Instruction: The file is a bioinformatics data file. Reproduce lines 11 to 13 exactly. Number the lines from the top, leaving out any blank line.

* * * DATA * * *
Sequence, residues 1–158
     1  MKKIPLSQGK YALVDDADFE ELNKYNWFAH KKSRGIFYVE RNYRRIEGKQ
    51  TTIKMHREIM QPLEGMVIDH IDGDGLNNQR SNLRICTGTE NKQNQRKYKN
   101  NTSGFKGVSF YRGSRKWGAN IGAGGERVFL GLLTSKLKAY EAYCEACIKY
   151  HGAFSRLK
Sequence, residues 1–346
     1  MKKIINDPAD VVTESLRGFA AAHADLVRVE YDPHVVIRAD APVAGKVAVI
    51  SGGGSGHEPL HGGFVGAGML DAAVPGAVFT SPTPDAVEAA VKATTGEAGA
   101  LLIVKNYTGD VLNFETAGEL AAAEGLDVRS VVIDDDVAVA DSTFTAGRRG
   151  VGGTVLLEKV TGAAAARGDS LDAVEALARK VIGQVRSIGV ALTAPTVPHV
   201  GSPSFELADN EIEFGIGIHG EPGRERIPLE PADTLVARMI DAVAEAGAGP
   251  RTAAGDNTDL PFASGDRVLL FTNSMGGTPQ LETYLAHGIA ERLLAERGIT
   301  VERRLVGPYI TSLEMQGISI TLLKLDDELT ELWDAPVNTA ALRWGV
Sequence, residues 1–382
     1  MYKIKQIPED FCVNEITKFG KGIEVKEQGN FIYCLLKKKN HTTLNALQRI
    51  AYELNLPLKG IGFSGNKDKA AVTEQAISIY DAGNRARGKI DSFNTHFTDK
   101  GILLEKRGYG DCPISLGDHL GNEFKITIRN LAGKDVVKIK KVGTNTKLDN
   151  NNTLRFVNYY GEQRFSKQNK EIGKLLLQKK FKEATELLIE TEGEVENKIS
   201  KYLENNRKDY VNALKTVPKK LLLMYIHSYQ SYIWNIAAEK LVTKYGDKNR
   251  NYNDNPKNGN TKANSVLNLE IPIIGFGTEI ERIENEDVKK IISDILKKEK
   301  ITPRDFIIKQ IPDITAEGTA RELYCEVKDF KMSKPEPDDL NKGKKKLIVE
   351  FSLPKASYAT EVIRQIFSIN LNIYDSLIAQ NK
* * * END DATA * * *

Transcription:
   201  GSPSFELADN EIEFGIGIHG EPGRERIPLE PADTLVARMI DAVAEAGAGP
   251  RTAAGDNTDL PFASGDRVLL FTNSMGGTPQ LETYLAHGIA ERLLAERGIT
   301  VERRLVGPYI TSLEMQGISI TLLKLDDELT ELWDAPVNTA ALRWGV